“LeBron James Executed Perfectly Tonight on Defense.” Do you see anything wrong with this headline? Probably not. Then why are articles like these repeatedly flagged by ad-verification platforms as “unsafe content?”
First-Gen Ad Verification Struggles to Enforce Brand Safety
The reason this article would be flagged is the presence of one single word, which could be interpreted as negative – in this case, the word “executed.” A human reader could easily tell the word’s contextual use and consider the article to be “brand-safe.” But many first-gen verification solutions are unable to interpret context. Instead of building advanced NLP (Natural Language Processing) capabilities into their platforms, they rely on “dumb” keyword lists to categorize content. If a potentially negative word (like “executed”) appears in an otherwise safe article, these systems have no way to deal with this problem. Instead, they simply flag the article as negative, and a perfectly safe piece of content is blacklisted.
Publishers and Advertisers are severely compromised
A common misperception is that publishers are unable to monetize safe content because it’s being flagged as negative and then blocked; that publishers are getting dealt a bad hand (losing valuable revenue, unjustly) while the advertisers, erring on the side of caution, are safe and sound.
We respectfully disagree with this mischaracterization of the state of brand safety. There is no “win-lose” situation here, but rather a “lose-lose” situation, where both publisher and advertiser are sustaining heavy damage. Just as first-gen verification struggles to discern safe content from unsafe content, it is unable to protect brands from appearing where they shouldn’t. Leading advertisers find their ads served alongside violent, graphic and offensive content on a daily basis and at huge scale. Ultimately, the situation today is absurd – publishers are mad for having safe inventory flagged as unsafe, and advertisers are mad for having their brand appear alongside horrific content.
Why is this happening? It’s the tech, stupid
While the issue of brand-safety has grown in importance, the tech used to solve the problem has lagged behind. First-gen verification is based on simplistic tech, which struggles to analyze and understand language, doesn’t operate autonomously at scale, doesn’t perform in real time and only looks at a sample of the impressions being served. Brand-safety cannot be enforced using this kind of primitive tech.
The industry must adopt autonomous, AI-driven brand safety
Great progress has been made in AI, NLP, and machine learning over the past few years. Next-level tech is being developed and utilized in many different verticals, from smart mobility to cybersecurity and e-commerce. The verification industry must lead the way in developing machine-learning algorithms for fraud prevention and NLP for brand safety. Instead, it dwells on dated keyword lists and simplistic filtration methodologies. So, how do we move forward?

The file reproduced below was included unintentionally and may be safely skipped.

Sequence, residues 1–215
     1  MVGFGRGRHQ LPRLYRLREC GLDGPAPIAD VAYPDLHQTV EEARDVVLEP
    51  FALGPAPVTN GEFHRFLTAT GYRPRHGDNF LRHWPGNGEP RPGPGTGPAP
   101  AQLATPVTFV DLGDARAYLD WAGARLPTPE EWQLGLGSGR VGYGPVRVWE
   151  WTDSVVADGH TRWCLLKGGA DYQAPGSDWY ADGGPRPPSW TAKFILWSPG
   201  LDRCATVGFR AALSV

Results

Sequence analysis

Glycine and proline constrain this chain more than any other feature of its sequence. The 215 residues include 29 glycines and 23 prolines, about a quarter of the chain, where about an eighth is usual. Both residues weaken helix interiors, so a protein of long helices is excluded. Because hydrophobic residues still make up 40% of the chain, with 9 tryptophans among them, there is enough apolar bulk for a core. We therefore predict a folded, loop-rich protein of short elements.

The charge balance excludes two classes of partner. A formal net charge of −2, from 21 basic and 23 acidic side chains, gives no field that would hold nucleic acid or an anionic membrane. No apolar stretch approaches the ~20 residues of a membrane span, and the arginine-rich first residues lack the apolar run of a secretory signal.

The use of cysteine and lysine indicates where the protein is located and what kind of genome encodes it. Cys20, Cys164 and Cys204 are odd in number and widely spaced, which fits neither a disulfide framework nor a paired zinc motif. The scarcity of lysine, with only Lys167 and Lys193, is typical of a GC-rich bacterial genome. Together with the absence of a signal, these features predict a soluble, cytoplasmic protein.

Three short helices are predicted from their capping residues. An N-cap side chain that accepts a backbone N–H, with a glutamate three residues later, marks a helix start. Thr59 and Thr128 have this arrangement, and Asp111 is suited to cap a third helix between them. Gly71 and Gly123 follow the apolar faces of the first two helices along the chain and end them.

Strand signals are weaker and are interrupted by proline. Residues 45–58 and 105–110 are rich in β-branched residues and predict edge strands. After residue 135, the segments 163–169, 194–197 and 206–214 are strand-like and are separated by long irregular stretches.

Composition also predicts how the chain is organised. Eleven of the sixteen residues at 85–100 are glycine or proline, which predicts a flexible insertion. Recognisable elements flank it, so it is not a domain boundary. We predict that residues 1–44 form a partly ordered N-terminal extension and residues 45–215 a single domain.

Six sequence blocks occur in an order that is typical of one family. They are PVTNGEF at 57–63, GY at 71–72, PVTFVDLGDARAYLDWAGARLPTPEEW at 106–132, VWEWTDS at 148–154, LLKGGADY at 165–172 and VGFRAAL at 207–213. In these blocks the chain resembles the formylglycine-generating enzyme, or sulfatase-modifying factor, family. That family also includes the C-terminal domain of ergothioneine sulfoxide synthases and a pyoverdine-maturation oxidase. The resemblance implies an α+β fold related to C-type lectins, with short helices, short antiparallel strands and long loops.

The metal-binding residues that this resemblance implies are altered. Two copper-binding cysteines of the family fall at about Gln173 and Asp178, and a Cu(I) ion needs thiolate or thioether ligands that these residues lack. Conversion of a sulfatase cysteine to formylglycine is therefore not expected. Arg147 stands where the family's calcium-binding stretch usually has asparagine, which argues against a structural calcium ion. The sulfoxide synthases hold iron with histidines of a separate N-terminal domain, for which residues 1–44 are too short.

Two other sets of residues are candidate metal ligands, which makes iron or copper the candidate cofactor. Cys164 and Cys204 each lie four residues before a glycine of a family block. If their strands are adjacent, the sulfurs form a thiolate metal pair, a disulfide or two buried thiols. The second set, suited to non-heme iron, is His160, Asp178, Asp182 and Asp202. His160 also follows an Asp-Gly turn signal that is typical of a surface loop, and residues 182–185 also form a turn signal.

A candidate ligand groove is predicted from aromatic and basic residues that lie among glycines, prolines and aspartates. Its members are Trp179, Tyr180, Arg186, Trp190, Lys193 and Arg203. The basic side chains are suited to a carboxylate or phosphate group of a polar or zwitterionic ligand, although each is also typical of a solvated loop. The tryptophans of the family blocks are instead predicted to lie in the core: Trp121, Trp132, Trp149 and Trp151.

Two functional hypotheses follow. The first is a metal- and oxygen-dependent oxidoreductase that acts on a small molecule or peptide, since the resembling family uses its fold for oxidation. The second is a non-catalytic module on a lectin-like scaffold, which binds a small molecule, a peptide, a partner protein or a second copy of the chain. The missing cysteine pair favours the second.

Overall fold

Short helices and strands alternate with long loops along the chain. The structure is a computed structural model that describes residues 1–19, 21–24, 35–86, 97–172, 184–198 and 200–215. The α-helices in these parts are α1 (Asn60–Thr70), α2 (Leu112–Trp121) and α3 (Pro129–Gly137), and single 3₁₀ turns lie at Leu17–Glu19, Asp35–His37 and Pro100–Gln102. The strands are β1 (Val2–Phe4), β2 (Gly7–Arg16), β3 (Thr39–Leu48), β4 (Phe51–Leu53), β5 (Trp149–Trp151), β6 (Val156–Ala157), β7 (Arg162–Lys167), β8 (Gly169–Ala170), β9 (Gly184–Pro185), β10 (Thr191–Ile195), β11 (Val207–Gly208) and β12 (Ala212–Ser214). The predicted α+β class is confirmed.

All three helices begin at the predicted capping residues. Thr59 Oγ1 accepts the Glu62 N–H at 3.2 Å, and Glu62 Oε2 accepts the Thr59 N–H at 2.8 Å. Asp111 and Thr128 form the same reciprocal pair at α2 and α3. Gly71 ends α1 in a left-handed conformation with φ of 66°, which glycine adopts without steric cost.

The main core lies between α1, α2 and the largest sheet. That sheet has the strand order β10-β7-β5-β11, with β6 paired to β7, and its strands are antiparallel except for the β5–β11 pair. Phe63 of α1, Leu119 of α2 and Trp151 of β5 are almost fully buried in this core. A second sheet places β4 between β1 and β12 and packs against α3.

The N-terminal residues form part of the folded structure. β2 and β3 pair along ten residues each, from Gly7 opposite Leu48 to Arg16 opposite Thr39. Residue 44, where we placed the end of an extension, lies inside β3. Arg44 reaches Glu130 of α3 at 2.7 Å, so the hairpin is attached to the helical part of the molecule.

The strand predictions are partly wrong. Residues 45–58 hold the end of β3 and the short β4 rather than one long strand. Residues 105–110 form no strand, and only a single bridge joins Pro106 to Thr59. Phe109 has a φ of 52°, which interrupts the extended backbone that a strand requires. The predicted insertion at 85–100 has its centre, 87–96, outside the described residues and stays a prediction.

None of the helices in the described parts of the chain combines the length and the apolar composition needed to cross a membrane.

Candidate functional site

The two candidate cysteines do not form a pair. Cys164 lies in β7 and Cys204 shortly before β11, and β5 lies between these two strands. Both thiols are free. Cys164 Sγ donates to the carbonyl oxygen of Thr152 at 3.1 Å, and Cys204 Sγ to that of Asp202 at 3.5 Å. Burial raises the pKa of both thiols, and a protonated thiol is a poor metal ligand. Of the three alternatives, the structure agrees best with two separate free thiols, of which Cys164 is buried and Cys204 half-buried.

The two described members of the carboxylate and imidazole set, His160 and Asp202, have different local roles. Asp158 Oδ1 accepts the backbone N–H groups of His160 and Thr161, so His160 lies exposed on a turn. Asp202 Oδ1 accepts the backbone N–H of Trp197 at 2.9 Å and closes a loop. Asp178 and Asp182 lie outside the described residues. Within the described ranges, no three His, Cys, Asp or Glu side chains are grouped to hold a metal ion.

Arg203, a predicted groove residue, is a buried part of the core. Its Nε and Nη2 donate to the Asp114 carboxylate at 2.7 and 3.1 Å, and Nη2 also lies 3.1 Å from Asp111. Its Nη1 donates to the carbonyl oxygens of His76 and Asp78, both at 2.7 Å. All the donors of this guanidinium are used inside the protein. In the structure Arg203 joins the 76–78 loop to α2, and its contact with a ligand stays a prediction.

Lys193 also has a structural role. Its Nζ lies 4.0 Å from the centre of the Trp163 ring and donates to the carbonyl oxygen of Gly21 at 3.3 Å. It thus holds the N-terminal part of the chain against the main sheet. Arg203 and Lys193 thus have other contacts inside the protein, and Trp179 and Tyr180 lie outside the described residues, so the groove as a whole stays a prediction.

We’ve mapped out four criteria, which should be met by any player looking to solve brand safety for both advertisers and publishers. The first is AI driven decision making. No more relying on a dumb list of negative keywords – every piece of content should be analyzed by advanced NLP modules able to infer context and make smart decisions.
Second – the entire industry must evolve from measuring damage and optimizing accordingly, to automatically preventing the damage. There is NO point in measuring brand safety violations after-the-fact. We need fully autonomous brand safety which can block out the bad stuff, rather than rely on the manual report, analyze and optimize workflow that is prevalent today.
Third – the entire decision-making process must happen in real time. If your verification vendor is not performing in real time, then they are useless. Only talented engineers can streamline the analysis process and help the systems make smart, on-the-spot decisions before the ad is actually served. Today’s incumbent solutions are just too slow for real-time prevention.
Finally – brand safety should be examined across every single impression, rather than just a small sample of the traffic, as is the best practice among first-gen verification vendors today. Blacklisting, cataloging and indexing inventory based on probabilistic assumptions just isn’t good enough and will never provide the real-time and comprehensive coverage that’s needed to protect the advertiser.
Over-filtering and under-protecting will only be solved by next-gen tech
Publishers see the damage from their perspective, and advertisers are feeling exposed and compromised. The issue won’t go away by proposing new strategies, adding more guidelines, or forming more brand-safety consortiums. First-gen practices will not stop until the industry realizes that it’s all about the product and the tech, and that any solution aiming to move the needle must be structured around the most advanced AI available.